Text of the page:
Question Next CPU/Platform Upgrade Timing?

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Mopetar

Diamond Member
Jan 31, 2011
4,372
326
126
#26
here is how it looks like when you don't benchmark average of averages

https://www.techspot.com/review/1754-battlefield-5-cpu-multiplayer-bench/

https://www.computerbase.de/thema/prozessor/rangliste/#diagramm-performancerating-frametimes - select the gaming chart and frametimes (99th percentile)

CPU is still most important when when it comes to the most intensive combat/boss fight scenes, where GPU defines the overall performance at selected resolution

IMO we wont see much improvement in this area (even with ryzen 3000) unless sunny cove architecture derivates come to the market...
The AnandTech bench link that I used also contains 95th percentile frame rates, but at the highest resolutions, they weren't that much different compared to the averages so I didn't bother to include them. The overall results were slightly more favorable here to the 9900k, but not so much as you might expect. There were still several games where once you get to 1440p or 4K, the results fall within the margin of error.

We can argue over whether 95th percentile is good enough, or whether it should really be 99th, or even 99.9th percentile, but if we're going to get to that level of analysis you'd want to look at a frame time graph to see what's going anyways. And once again, those results tend to get washed out more and more when you move to higher resolutions.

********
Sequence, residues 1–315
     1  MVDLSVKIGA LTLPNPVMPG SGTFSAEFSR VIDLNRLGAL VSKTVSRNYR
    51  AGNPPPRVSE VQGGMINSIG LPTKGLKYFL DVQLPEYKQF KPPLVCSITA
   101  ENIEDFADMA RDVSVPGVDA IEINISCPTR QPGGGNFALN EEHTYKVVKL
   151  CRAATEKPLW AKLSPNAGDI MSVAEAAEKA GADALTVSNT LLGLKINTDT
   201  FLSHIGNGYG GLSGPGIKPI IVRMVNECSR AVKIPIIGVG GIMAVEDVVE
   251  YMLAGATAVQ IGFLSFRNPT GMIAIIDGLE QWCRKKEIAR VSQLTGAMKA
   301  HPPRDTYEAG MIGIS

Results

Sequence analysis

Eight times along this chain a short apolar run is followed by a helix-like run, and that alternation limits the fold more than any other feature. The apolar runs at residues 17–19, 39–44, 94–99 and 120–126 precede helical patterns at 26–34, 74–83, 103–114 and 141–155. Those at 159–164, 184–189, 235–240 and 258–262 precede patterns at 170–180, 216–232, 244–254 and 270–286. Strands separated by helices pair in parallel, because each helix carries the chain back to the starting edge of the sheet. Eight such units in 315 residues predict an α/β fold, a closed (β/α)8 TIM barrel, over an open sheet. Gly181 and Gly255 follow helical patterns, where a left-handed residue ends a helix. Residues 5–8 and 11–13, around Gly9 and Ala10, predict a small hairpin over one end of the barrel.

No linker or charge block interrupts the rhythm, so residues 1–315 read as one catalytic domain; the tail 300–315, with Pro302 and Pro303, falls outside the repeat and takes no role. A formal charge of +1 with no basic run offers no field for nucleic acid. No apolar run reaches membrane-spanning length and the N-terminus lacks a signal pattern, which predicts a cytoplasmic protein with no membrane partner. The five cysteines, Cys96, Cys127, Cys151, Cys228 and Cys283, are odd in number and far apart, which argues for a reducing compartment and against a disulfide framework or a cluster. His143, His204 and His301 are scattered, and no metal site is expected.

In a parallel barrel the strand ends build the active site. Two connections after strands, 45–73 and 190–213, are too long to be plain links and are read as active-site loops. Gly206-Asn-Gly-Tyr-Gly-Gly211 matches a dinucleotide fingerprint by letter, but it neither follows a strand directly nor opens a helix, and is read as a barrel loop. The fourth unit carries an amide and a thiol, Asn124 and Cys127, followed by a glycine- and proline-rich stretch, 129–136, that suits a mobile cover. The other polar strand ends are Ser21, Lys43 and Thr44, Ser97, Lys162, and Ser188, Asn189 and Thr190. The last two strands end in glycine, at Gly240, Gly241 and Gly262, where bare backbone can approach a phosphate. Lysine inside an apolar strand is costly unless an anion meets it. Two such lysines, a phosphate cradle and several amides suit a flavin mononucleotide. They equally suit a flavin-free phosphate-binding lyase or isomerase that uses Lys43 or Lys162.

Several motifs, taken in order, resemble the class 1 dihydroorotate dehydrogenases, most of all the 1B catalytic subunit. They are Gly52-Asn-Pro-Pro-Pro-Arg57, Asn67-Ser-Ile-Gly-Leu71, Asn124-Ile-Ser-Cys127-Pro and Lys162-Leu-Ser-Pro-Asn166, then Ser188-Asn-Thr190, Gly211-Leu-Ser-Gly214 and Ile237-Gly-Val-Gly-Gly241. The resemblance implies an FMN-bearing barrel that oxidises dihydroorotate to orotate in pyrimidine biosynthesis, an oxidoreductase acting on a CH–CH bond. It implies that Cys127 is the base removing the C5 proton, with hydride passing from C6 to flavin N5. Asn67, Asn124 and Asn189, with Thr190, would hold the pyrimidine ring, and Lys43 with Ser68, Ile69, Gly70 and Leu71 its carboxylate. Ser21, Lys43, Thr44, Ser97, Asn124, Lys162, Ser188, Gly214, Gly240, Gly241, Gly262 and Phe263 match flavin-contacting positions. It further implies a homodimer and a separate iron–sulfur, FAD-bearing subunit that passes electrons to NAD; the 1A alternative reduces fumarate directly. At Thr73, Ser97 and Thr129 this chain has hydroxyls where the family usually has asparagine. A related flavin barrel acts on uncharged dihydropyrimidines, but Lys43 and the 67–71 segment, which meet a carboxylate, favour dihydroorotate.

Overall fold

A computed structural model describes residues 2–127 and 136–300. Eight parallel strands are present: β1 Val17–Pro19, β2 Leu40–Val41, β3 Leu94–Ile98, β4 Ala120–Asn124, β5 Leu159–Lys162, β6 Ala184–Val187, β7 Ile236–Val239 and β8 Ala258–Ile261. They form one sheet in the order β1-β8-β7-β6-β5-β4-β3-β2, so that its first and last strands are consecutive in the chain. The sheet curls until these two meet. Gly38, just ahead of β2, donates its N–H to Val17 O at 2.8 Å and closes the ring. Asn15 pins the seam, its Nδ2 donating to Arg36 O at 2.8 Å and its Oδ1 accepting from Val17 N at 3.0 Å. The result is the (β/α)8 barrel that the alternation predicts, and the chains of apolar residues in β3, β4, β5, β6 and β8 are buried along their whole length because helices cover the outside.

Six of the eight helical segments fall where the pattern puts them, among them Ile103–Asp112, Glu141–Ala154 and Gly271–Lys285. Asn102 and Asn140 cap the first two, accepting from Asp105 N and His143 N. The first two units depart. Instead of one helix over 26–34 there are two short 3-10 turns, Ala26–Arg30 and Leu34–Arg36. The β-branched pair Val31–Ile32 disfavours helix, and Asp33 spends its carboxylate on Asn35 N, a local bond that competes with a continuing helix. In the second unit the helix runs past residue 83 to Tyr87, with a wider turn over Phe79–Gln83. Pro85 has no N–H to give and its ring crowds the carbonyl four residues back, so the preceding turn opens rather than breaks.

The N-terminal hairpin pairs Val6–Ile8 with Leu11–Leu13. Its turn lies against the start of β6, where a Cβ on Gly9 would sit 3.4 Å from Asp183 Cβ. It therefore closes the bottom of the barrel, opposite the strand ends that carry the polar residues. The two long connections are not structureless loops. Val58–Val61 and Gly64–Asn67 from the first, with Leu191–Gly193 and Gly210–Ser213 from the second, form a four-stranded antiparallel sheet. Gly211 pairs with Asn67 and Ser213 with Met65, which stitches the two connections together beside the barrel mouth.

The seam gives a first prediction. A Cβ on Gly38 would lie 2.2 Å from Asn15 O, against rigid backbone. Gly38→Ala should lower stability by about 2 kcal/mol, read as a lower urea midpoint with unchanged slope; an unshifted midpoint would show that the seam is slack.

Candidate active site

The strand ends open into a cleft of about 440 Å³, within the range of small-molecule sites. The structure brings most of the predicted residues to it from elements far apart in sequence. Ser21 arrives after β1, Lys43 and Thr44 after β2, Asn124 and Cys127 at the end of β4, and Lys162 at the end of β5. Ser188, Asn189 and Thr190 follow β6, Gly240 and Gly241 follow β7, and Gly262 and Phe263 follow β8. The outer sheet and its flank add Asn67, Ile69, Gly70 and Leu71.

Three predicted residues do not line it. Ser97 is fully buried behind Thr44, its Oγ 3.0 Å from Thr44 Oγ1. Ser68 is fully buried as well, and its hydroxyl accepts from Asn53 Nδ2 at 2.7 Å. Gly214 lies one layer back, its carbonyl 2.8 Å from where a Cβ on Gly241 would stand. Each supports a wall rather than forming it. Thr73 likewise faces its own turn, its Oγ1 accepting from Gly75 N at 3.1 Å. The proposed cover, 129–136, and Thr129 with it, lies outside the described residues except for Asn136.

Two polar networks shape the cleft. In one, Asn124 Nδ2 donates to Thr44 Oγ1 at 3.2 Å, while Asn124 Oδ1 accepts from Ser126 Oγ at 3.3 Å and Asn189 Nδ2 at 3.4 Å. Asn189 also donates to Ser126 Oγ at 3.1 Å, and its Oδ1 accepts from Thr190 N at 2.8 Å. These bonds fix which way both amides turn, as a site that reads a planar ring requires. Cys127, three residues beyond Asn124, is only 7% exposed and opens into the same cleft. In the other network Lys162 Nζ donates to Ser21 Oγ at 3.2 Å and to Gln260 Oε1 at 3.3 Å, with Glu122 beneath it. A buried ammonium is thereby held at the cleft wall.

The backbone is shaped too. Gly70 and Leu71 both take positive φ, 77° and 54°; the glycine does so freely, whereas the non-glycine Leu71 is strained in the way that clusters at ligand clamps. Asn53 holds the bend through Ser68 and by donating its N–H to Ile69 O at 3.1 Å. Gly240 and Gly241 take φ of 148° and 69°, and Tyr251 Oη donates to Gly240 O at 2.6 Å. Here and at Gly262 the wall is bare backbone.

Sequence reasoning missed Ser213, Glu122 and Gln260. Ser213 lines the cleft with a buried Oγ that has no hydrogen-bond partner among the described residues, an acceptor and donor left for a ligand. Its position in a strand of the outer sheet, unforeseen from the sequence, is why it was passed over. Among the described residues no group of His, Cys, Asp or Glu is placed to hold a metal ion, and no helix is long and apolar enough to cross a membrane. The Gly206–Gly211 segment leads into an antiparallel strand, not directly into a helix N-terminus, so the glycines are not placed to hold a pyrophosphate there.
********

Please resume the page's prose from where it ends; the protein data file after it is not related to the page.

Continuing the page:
TheGiant

Senior member
Jun 12, 2017
286
18
76
#27
The AnandTech bench link that I used also contains 95th percentile frame rates, but at the highest resolutions, they weren't that much different compared to the averages so I didn't bother to include them. The overall results were slightly more favorable here to the 9900k, but not so much as you might expect. There were still several games where once you get to 1440p or 4K, the results fall within the margin of error.

We can argue over whether 95th percentile is good enough, or whether it should really be 99th, or even 99.9th percentile, but if we're going to get to that level of analysis you'd want to look at a frame time graph to see what's going anyways. And once again, those results tend to get washed out more and more when you move to higher resolutions.
as resolution increases, the importance and the value of high percentile becomes even more important
in current times, at 1080p there is a mix in gameplay that comes GPU and CPU bound, so 95th percentile is usually cpu bound
at 4k most of the gaming scenes are GPU bound, so you need to look at the 99th or even better 99,9% percentile frame time ( and those are usually the same as with 1080P- boss fights, lots of objects, difficult movements, fast aiming needed etc)
atm its still CPU bound - look at the techspot bf5 multiplayer, at 4k https://www.techspot.com/review/1754-battlefield-5-cpu-multiplayer-bench/ the 1080ti/2080nonTi is about ryzen2600x bottleneck, the pentium g does mins of 24fps (at that is 1% not 0,1%), so its not that you can choose any CPU at 4K